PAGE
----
China has passed a controversial new security law which many critics say will erode the democratic freedoms enjoyed by those living in Hong Kong.
The law, signed off by China's National People’s Congress Standing Committee on the eve of the 23rd anniversary of the city's handover to China from British rule, will make it easier for China to penalise pro-democracy protesters by slapping them with terrorism charges and handing out lengthy prison sentences.
As part of the new law, Beijing will establish a new security office in Hong Kong, with law enforcement personnel answering to the central Chinese government, not the local authorities. The law also stipulates that crimes of secession, subversion, terrorism and collusion with foreign forces are punishable by a maximum sentence of life in prison and that certain criminals will be subject to extradition for trial.
Many are concerned that the new restrictions could be devastating for the strong Christian community, with pastors and churchgoers across the region publically denouncing Beijing's bold move.
Christian Solidarity Worldwide explained: "The criminalisation of acts categorised as ‘subversion’ and ‘foreign collusion’ could potentially endanger the right to freedom of religion or belief in Hong Kong.
"In Mainland China, religious leaders and lawyers who defend freedom of religion or belief have been charged under similar terms such as ‘inciting to subvert state power’, including Pastor Wang Yi of Early Rain Church. In addition, ‘national security’ has long been used as a pretext for heavy restrictions on ethnic and religious minorities such as Uyghur Muslims and Tibetan Buddhists."
In a statement, United States Commission on International Religious Freedom (USCIRF) commissioner Gary Bauer said: “Hong Kong has long been living proof that religious freedom and Chinese culture can coexist in harmony—no matter what the Communist Party claims. This new national security legislation would potentially expand the Chinese Communist Party’s war on faith in the mainland to hundreds of thousands of believers in Hong Kong.”
Outspoken China critic, Cardinal Joseph Zen, said he had "no confidence” in religious freedom being protected under the new security law, adding that the new measures were "not only against the ‘one country, two systems’ policy, but also the basic law [of Hong Kong]".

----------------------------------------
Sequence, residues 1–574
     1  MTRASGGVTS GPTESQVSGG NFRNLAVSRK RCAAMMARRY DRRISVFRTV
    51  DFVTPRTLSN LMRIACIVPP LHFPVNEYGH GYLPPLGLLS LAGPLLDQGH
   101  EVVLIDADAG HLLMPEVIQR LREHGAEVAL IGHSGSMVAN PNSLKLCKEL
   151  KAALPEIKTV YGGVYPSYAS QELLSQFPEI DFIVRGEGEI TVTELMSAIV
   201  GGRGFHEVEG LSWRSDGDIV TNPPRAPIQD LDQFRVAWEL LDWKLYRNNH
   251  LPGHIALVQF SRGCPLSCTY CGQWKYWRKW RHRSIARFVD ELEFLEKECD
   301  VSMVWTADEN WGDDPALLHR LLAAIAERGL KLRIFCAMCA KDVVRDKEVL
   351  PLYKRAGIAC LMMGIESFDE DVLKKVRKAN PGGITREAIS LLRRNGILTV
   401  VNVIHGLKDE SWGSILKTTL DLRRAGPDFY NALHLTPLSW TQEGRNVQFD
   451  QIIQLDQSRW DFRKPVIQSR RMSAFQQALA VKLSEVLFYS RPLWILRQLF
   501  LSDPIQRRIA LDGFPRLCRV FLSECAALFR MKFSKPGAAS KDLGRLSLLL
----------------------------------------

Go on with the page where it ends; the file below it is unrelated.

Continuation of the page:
Hong Kong businessman Jimmy Lai said that the new law "spells the death knell for Hong Kong" while Joshua Wong, a leading pro-democracy activist in Hong Kong, simply tweeted:
"I may walk through valleys as dark as death, but I won't be afraid. You are with me, and your shepherd's rod makes me feel safe." (Psalm 23:4)
Home Secretary Priti Patel reaffirmed the government's commitment to allow eligible Hong Kong citizens free passage to take up residence in the United Kingdom, tweeting: "Sad day for Hong Kong. China's decision to enact this legislation constitutes a clear & serious breach of the Joint Declaration. UK will not look the other way. We will uphold our historic responsibilities & we will proceed to honour our commitment to those holding BNO status."
Prime Minister Boris Johnson said the new laws constitute a "clear and serious breach of the Sino-British joint declaration" that "violates Hong Kong's high degree of autonomy and is in direct conflict with Hong Kong basic law".
In response to the law's passing, CSW’s chief executive Mervyn Thomas said: “We are dismayed by the passing of a law which is at odds with Hong Kong’s long-standing status as a city based on the rule of law and respect for human rights, including the right to freedom of religion or belief. There are widespread fears that this law could seriously threaten religious freedom and other human rights for the city’s residents, with a chilling effect on civil society.
"The Chinese government is responsible for some of most serious human rights violations in the world today. We echo the recommendations made by 50 UN Independent Experts calling on the UN Human Rights Council to take urgent action to monitor human rights violations in China, including Hong Kong. We further call on the international community to stand with everyone in Hong Kong – including religious communities and civil society groups – peacefully advocating for human rights and rule of law. In the face of these unprecedented challenges, we must look for new ways to support these courageous individuals.”